Nokia sells handset business to Microsoft
Nokia sells handset business for $7.2bn
Nokia has sold its entire mobile enterprise to Microsoft in a multi-billion dollar deal between the two.
Microsoft announced that the deal will see the Windows corporation acquire “substantially all of Nokia’s Devices & Services business, license Nokia’s patents, and license and use Nokia’s mapping services”, and Nokia’s CEO Stephen Elop step aside to become Vice President of Services & Devices at Microsoft.
Microsoft, who has been competing with rivals Apple in the smartphone and tablet market, has purchased the handset manufacturing company for $7.2bn (£4.62bn). The move comes after Nokia signed a deal with Microsoft back in February 2011, committing to a Windows Phone operating system rather than Google Android.
A long time coming
In 2010, Stephen Elop moved from Microsoft’s business software division to become Nokia’s CEO; during the three years since his move the company’s market share has collapsed and its share price has buckled as investors lacked faith in his strategy proposal.
The mobile company’s hold of the handset market share has dropped from 40 per cent in 2007 to a mere 15 per cent, with an even smaller 3 per cent in smartphones. And while overall sales have dropped by 27 per cent on last year, sales of the Nokia Lumia with Windows OS have risen.
Speculation over the pairing has been predominantly positive as news of the deal, which is set to be completed in early 2014, has already inspired a 45 per cent rise in Nokia’s shares.
Better prepared for the future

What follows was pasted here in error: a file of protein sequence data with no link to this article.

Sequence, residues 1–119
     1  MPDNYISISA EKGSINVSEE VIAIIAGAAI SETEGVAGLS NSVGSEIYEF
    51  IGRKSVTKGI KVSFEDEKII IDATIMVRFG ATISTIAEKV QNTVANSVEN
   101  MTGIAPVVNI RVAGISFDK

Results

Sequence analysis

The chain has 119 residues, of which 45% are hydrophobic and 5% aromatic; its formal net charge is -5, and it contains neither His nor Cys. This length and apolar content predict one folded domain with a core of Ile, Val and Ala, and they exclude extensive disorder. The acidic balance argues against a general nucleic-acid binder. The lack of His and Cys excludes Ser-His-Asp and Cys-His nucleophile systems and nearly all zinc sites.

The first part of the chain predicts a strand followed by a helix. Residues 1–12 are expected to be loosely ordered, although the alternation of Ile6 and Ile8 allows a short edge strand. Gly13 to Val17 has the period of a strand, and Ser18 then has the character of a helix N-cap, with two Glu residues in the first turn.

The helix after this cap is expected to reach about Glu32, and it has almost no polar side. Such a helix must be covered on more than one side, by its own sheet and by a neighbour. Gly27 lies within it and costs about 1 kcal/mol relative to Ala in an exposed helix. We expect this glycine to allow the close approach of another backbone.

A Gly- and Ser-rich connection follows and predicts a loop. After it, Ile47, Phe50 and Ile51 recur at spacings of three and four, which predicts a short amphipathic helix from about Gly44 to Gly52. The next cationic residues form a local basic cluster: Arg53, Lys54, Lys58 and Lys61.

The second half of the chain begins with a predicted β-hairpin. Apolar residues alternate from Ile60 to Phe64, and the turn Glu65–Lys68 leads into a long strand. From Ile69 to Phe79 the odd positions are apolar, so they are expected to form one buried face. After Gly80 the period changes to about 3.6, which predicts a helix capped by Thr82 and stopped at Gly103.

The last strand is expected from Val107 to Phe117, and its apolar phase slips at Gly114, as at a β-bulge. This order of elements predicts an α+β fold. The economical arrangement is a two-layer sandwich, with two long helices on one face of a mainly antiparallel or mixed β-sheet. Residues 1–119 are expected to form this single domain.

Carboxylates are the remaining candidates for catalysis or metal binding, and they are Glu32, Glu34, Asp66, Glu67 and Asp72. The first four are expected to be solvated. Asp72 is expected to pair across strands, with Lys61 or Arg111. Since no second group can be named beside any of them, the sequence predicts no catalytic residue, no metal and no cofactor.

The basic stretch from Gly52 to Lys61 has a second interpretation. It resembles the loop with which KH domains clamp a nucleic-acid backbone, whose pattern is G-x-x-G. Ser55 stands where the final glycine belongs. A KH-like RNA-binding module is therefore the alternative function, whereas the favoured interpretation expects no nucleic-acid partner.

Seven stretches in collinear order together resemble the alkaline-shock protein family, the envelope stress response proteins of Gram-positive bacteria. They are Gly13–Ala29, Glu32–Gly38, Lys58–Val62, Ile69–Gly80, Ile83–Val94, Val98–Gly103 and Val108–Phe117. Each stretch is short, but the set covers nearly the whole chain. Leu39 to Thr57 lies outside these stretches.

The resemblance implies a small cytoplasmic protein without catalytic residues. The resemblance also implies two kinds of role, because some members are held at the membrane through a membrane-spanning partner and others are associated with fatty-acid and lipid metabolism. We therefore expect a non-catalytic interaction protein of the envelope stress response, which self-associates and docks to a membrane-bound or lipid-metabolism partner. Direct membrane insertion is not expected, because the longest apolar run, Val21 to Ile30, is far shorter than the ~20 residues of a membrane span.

Despite Microsoft releasing their own Surface tablet in 2012, the company have still struggled to compete on the same level as Apple and Samsung in the smart device market, including its mobile technology.
In a statement to the BBC, Ben Wood, an analyst at telecoms consultancy CCS Insight said: “It’s a necessary gamble by Microsoft to break into mobile, but given its complete reliance on Nokia for Windows Phone devices and the competitive position of Apple and Google with rival phone platforms an understandable move.
“It completely reshapes Microsoft’s business pushing it firmly into hardware. But it also raises big questions about the sustainability of other firms, including HTC and Blackberry, remaining pure-play phone makers.”
Tighter integration and management changes are thought to be the key for the success of both firms in the future. The move will also see 32,000 Nokia employees transfer to Microsoft, who have signed a deal with the mobile company to allow Microsoft to use its mobile brand on handsets for the next decade.
Daniel Nolan, managing director at theEword said: “Between them they have a huge amount of expertise and resources at hand. Microsoft buying Nokia’s handset business puts them in a strong position, and as Nokia have already had experience as leaders in the mobile market, there is no reason that the next five years couldn’t see a change in the structure of dominant mobile players.”